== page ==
One of the family friends, Kevin, who lives next to them in south side is your stereotypical tough guy, and is comfortable with his sexuality and being around Ian. There is an unspoken appreciation viewers can tell that Ian has for Kevin due to him treating him like just any other guy, not taking into account he is attracted to the same sex. Kevin will joke around with Ian like he is another guy, from conversations regarding getting laid to just not sure what to do about a situation he is struggling with. Kevin is there for the Gallagher kids like a big brother, and he adds to the families dynamic as a dysfunctional, but dependable group of individuals. Lip, the eldest Gallagher son, runs into some trouble deciding about committing to going to college or backing out. Kevin was there to remind him that south side was not somewhere he should stay if he had the chance to get out by telling him, “This isn’t your home, it’s where you grew up. It’s not where you’re meant to be.” Kevin struggles himself, as an adult, and he does not want that for the Gallagher kids. Lip was fortunate enough to get into college, getting himself out of a toxic environment back at home. This goes to show that no matter where someone starts in life, that does not define where they will end up. Lip’s older sister Fiona also exemplifies this in season 7 of “Shameless” when she stumbles upon an opportunity to begin flipping properties. She had been her own worst enemy for quite some time, but then started to get her shit together after serving some time in prison, and becoming the manager of a local south side diner. Fiona tries her hardest to take care of her siblings and set a good example for them, reminding them to aspire to be better than their parents ever were.
When Fiona’s youngest brother Liam was born, the siblings and their father Frank believed that Liam was not his child. Come to find out, shockingly enough, Liam is in fact Frank’s biological son. This was a shock to many, myself included, because Liam is African American and the family is Caucasian. The Gallagher children still treated Liam the same both before and after they found out he was their full flesh and blood, and not a half sibling. On top of Liam being a part of the Gallagher family, there is also Kevin’s girlfriend Veronica who is African American as well. Kevin and Veronica are an interracial couple, that love each other deeply. Before having children of their own, the couple took in a white foster child to try and give her a better life. Moral of the story, “Shameless” creator, Paul Abbott, sheds light on the normalization that interracial families are common and acceptable in southside Chicago. The community on the southside is all different types of messed up with alcoholics, drug addicts, and homeless people. One thing these people all live by though is that southside residents stick together. This is a specific motto the Gallagher family lives by because no matter their differences, they are always there for one another to present a united front when times are tough.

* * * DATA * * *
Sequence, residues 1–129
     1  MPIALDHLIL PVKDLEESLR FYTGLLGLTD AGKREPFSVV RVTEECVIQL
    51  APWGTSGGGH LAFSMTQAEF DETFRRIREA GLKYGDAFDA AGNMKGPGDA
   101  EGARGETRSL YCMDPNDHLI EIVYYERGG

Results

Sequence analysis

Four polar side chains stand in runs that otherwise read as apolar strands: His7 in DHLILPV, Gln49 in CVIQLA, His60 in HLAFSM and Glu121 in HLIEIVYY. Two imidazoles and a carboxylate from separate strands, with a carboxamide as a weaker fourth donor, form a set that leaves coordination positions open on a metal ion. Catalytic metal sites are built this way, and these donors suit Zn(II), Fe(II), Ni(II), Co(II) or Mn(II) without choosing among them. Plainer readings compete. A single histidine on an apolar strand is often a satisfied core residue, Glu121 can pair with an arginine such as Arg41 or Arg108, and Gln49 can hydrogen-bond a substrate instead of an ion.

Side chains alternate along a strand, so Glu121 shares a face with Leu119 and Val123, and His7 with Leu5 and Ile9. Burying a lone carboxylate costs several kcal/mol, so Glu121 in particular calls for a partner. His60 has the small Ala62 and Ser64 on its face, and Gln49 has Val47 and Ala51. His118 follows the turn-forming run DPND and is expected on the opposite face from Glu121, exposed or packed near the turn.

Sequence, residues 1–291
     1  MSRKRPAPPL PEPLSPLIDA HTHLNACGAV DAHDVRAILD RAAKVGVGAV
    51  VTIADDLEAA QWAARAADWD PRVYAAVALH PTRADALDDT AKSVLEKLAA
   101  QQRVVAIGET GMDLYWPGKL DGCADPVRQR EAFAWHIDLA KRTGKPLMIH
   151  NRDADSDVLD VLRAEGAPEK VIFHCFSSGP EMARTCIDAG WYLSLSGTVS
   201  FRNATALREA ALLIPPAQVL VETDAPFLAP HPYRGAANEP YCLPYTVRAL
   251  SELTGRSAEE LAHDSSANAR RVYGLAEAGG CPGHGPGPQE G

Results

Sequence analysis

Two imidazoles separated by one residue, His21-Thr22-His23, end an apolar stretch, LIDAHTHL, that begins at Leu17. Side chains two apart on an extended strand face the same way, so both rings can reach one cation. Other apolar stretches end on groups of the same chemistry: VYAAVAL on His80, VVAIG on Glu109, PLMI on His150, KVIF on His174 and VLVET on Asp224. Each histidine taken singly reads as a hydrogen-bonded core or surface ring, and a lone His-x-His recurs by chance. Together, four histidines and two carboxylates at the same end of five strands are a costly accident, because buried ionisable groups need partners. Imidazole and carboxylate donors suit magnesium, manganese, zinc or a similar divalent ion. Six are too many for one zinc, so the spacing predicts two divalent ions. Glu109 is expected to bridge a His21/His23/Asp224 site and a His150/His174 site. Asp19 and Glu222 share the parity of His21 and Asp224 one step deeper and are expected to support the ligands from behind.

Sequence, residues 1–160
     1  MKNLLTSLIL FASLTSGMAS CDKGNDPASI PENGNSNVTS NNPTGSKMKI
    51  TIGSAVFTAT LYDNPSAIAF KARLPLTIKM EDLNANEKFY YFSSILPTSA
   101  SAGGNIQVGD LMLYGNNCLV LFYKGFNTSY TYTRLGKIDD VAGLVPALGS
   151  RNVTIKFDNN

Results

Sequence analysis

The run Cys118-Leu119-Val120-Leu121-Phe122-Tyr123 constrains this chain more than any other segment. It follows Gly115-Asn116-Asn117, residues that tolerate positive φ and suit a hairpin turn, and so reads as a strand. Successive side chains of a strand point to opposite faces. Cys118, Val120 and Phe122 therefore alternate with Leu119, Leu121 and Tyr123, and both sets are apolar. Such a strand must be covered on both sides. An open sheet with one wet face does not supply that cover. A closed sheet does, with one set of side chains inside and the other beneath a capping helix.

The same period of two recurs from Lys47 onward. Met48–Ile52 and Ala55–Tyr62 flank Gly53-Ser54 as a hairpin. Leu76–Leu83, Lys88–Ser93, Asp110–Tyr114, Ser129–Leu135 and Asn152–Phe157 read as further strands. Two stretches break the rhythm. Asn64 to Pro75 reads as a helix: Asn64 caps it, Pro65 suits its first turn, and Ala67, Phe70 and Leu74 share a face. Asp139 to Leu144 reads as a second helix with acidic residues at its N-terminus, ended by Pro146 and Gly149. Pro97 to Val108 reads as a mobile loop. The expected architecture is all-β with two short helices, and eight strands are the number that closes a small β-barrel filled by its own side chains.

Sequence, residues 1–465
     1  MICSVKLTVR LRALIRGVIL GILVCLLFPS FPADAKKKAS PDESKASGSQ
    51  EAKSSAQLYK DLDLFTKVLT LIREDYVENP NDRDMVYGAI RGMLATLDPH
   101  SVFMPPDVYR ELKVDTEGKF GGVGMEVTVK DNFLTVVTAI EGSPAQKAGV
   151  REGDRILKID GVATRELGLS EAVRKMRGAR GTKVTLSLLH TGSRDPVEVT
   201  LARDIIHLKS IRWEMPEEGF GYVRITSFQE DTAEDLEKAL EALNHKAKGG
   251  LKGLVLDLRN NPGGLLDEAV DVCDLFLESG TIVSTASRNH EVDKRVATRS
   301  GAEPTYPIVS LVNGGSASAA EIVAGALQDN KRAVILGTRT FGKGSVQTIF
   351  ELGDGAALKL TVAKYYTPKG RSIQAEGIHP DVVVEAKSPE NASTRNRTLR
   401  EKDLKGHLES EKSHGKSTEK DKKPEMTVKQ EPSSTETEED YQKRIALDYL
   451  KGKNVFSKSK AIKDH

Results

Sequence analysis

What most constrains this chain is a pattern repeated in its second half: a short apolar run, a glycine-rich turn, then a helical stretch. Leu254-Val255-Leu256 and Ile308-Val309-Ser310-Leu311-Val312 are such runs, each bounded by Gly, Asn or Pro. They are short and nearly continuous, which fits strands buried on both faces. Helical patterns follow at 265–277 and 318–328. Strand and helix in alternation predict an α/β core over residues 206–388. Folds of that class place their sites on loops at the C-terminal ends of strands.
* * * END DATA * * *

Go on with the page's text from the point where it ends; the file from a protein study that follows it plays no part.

“Shameless” does an exceptional job representing a lower class family, and how they survive. The Gallagher family may be an exceptionally dysfunctional family displayed on television, but they are a family that teaches their viewers a lot. Many people may not like the amount of profanity the characters use in the show, but they will most certainly benefit from watching. It can teach people how to be independent, not to feed into stereotypes, and accept others for their individuality without judging them by their appearance. This is very beneficial and needed in today’s society so we can put an end to stigmas about gender, race, and sexuality. As more seasons air, I hope to see the family succeed more and become a well off family coming out of poverty. It would be a positive message to send to viewers, not only that some people in the lower class do live like this, but that not all are helpless and unwilling to succeed like; breaking the stigma of people in similar situations.